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Harmon v. United States

United States District Court, S.D. Indiana, Indianapolis Division

March 6, 2018

DANNY G. HARMON, Petitioner,


          Hon. Jane Magnus-Stinson, Chief Judge

         For the reasons explained in this Entry, the second amended motion of Danny Harmon for relief pursuant to 28 U.S.C. § 2255, dkt. [67], is GRANTED.

         I. Background

         An indictment was filed on May 10, 2011, charging Mr. Harmon with conspiracy to distribute 100 kilograms or more of marijuana, three counts of attempting to possess with intent to distribute marijuana, and one count of using a telephone to facilitate drug trafficking, in violation of 21 U.S.C. §§ 846, 841, and 843. No. 1:11-cr-0084-JMS-DKL-1; Crim. Case; dkt. 1. An Information pursuant to 21 U.S.C. § 851(A)(1) alleging a prior felony drug conviction was filed on May 18, 2011. Id., dkt. 16.

         Mr. Harmon hired defense attorney Jack Crawford, who appeared in the case on May 31, 2011. Id., dkt. 20. With the filing of the § 851, Mr. Harmon was facing ten years to life.

         The government sought a single continuance of the trial on June 30, 2011. Id., dkt. 26. Mr. Harmon objected and a hearing was conducted on July 11, 2011. After the hearing, the Court granted the government's motion to continue the trial and reset the trial for August 22, 2011. Id., dkt. 42.

         On July 28, 2011, a Superseding Indictment was filed adding charges of attempting to kill and intimidate a witness and increasing the amount of marijuana charged to 1, 000 kilograms or more, which increased Mr. Harmon's potential sentence to 20 years to life. Id., dkt. 53. Following a four day trial that began on August 22, 2011, a jury found Mr. Harmon guilty on the drug offenses and acquitted him on the additional charges. On January 20, 2012, the Court sentenced him to 360 months in prison. Id., dkt. 119.

         The Seventh Circuit affirmed Mr. Harmon's convictions and sentence. United States v. Harmon, 721 F.3d 877, 885, 887, 892 (7th Cir. 2013). The United States Supreme Court denied Mr. Harmon's petition for writ of certiorari. Harmon v. United States, 134 S.Ct. 1014 (Jan. 21, 2014).

         On March 25, 2015, the Court granted Mr. Harmon's motion to reduce sentence pursuant to U.S.S.G. Amendment 782. His sentence of imprisonment of 360 months was reduced to 324 months. Crim. Case; dkt. 231.

         On January 22, 2015, Mr. Harmon, by counsel, filed a motion to vacate under 28 U.S.C. § 2255 in this civil case, asserting claims of ineffective assistance of counsel. Counsel's motion to withdraw was granted on March 17, 2015. Dkt. 9. Mr. Harmon, pro se, filed an amended motion to vacate on April 27, 2015. Dkt. 14. After the government responded and Mr. Harmon replied, the Court set the matter for a hearing on August 31, 2016, and appointed counsel to represent Mr. Harmon. Dkt. 34. After four continuances were granted, the evidentiary hearing was conducted on February 6, 2018.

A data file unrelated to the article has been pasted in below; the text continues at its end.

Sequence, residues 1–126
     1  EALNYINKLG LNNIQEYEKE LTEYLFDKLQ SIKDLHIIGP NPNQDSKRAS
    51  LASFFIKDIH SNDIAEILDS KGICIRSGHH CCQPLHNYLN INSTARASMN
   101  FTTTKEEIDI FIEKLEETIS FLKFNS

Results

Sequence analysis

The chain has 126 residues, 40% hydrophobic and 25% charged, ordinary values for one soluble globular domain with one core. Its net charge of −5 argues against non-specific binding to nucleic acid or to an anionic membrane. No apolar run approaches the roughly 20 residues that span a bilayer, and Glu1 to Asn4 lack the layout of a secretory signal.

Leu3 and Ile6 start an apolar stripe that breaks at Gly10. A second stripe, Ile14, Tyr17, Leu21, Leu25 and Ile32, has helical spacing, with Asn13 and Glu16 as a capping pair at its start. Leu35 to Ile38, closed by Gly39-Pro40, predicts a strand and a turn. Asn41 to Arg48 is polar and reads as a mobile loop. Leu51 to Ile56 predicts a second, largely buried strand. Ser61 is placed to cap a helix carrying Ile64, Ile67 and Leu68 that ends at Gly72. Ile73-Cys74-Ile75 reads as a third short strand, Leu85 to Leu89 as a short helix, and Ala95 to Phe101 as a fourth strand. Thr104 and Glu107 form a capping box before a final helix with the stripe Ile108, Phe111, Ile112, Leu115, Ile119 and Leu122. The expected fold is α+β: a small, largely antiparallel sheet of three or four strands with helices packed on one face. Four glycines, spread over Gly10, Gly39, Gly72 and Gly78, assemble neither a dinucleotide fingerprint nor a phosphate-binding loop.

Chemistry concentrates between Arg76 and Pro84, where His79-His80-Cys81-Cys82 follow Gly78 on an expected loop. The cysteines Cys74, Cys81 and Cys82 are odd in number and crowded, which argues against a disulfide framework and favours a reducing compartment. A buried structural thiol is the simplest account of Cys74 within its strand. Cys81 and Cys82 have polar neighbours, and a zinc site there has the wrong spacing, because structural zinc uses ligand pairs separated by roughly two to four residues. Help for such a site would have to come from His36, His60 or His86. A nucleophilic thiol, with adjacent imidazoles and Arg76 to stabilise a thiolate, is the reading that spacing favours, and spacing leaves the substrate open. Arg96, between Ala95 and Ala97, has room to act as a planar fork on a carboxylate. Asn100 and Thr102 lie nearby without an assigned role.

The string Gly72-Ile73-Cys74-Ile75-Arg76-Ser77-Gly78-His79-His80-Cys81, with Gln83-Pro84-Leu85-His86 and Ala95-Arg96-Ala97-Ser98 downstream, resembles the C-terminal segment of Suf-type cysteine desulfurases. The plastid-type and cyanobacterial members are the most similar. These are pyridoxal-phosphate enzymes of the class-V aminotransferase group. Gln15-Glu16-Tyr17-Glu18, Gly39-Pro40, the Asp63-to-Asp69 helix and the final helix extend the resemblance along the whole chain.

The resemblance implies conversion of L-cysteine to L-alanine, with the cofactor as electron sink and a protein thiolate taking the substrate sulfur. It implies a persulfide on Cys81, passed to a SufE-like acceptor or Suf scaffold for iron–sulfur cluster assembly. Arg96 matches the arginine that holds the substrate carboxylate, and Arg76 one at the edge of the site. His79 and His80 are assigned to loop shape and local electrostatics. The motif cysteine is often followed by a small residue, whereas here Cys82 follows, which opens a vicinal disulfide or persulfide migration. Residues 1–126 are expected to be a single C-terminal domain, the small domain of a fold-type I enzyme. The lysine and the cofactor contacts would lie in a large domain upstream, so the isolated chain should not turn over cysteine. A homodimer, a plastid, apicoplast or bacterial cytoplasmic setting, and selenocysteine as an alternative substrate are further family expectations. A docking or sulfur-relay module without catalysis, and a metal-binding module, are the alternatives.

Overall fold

Mr. Harmon's motion for leave to file a second amended motion to vacate, filed on February 2, 2018, was granted. In his second amended motion, Mr. Harmon brought two claims of ineffective assistance of counsel. Dkt. 67. On the day of the hearing, however, Mr. Harmon abandoned one of his claims and proceeded with a single claim of ineffective assistance of counsel, that trial counsel failed to properly advise Mr. Harmon during the pretrial period.

         II. § 2255 Hearing

         At the evidentiary hearing conducted on February 2, 2018, Mr. Harmon called two witnesses: trial counsel Jack Crawford and himself. In addition to the testimony, several audio recordings of conversations between Mr. Crawford and Mr. Harmon were played and entered into evidence. The Court listened to the recordings of the entire phone calls admitted into evidence after the hearing.

         As an initial matter, the Court can appreciate that it must be challenging to have allegations of ineffective assistance of counsel made against an experienced defense attorney, but from the moment the hearing began, Mr. Crawford displayed considerable hostility toward Mr. Harmon's counsel. His defensive attitude made the fact-finding process more difficult than necessary and arguably reflected a bias toward the government.

         During the hearing, both Mr. Crawford and Mr. Harmon testified that throughout the pretrial phase of the case, Mr. Crawford viewed the government's case as weak, and he did not believe they had a case against Mr. Harmon. Hearing in § 2255 Case, Transcript, February 6, 2018, (“Trans.”); dkt. 71, pp. 12-13, 31, 45-46, 73, 87. Mr. Crawford stated that this was a “historical case, ” meaning the government could not place any marijuana in Mr. Harmon's possession. Id., p. 73. “It was all in somebody else's possession.” Id. Mr. Crawford testified that his opinion as to the weakness of the case did not ever change. Id., pp. 81, 87.

         Mr. Crawford testified that he had never before, as a strategy, sought a speedy trial on the first trial setting. Id., p. 41. He stated that he “certainly would have liked more time, but I felt that time was working against Mr. Harmon. The longer this case pended, the more the Government would find out about a lot of things that would hurt my client.” Id. Mr. Crawford testified that the Superseding Indictment adding the charges of attempted murder of Mr. Meadows “only increased my desire to get this case to trial.” Id., p. 40. Mr. Crawford “was very concerned about what might happen.” Id. He testified that the government was “learning day by day by day as to how vast [Mr. Harmon's marijuana business] was and what it involved and the people it involved.” Id., p. 42. Mr. Crawford thought that with ...

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